Berlin—Before the perpetrator of the bloody December 19 attack on a Berlin Christmas market, which killed 12 and injured 50, could even be identified, Germany’s right-wing populists knew exactly who was guilty: Germany’s chancellor, Angela Merkel. And they lashed out at her at once, as if they’d been waiting impatiently for the moment to arrive—which in Berlin we knew that it would—tweeting the likes of “Merkel’s dead,” and “What has Merkel done to our country?”
This barrage hailed from Germany’s parliamentary far right, the Alternative for Germany (AfD), which since its founding three years ago has charged into Germany’s regional legislatures and, running at about 12 percent in nationwide polls, will almost surely enter the Bundestag in the autumn 2017 national elections. Like its peers across the continent, its headline bugbears are Islam and immigration, and in the AfD’s case, Chancellor Merkel’s willingness to admit victims of political persecution and war into Germany, a right inscribed in Germany’s constitution, as well as EU and international law. “We shouldn’t be under any illusions. The milieu, which nurtures such acts,” claimed the AfD’s leader Frauke Petry—presumably referring to all of the refugees from Africa, Central Asia, and the Middle East—“has been negligently and systematically imported into Germany over the last year and a half.” Germans simply aren’t safe in their own country, she wrote on her Facebook page the day after the assault. “It’s the chancellor’s duty to tell you this. Since she won’t do it, I will.”
Yet the far right, which one expects to blindside Merkel given any plausible opportunity, wasn’t alone—nor was it the only one cheering. Just a hair’s breadth behind it was, one would presume, a much less likely antagonist: Horst Seehofer, leader of the Bavarian Christian Social Union, the sister party of Merkel’s Christian Democratic Union. The CSU runs on national slates together with the CDU and rules with it, too, such as in the Federal Republic’s current center-right government. The party has dominated politics in Bavaria since World War II. Even in the days of a divided Germany, the CSU functioned as an archconservative sparring partner of the CDU, at times critical of its big sister from the right, but in the end willing to fall into line. In contrast, Seehofer, with his party fully behind him, is unrelenting in his prosecution of Merkel, and he made no exception the morning after the carnage in Berlin. “We owe it to the victims, the aggrieved, and the entire population,” he said, “to rethink and readjust our immigration and security policies.” Clearly, in his mind the responsibility for the bloodshed lay not in Islamist fundamentalism, preposterous German security glitches, or political instability in the Middle East and North Africa, but rather in Angela Merkel’s flawed policies.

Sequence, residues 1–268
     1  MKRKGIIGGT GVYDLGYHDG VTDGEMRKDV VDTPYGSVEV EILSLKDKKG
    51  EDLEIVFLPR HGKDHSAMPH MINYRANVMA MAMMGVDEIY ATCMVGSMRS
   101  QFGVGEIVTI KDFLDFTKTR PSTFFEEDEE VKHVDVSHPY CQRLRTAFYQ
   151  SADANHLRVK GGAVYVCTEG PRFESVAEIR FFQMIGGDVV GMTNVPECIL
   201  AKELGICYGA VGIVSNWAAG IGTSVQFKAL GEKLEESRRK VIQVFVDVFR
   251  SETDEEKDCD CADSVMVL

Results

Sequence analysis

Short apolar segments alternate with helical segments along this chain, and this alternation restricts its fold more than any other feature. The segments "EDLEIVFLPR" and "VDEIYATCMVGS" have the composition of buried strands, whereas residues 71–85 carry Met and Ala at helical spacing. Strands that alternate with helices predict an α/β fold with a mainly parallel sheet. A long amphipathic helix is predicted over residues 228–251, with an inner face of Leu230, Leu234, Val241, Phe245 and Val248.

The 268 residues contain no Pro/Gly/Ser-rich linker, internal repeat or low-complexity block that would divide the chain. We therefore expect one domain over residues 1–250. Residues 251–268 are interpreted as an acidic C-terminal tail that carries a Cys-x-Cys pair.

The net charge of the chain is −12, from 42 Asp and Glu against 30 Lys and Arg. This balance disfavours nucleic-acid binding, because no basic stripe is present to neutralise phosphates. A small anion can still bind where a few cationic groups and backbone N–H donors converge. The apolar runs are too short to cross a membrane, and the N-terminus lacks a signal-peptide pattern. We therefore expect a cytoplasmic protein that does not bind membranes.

Seehofer is proving more than just a thorn in Merkel’s side—and his tormenting of her has already had Europe-wide ramifications, turning Merkel into the bête noire of the parties, politicos, and countries that insist on barricading their borders to keep refugees out. A slow-moving, bearlike man, the 67-year-old career politician barely opens his mouth when he speaks, grumbling curt sentences in a Bavarian dialect. Well-spoken or not, Merkel has no greater, more damaging, or more indefatigable detractor in all of Germany—or even in Europe. No one figure has done more to hurt Merkel on the issue of migration than Seehofer, who misses no opportunity to belittle her compromises in his direction (and there have been many) or scheme behind her back. He’s even invited Hungary’s autocratic, anti-refugee prime minster Viktor Orbàn to the CSU’s headquarters, and parlayed on his own with Russia’s Vladimir Putin in Moscow.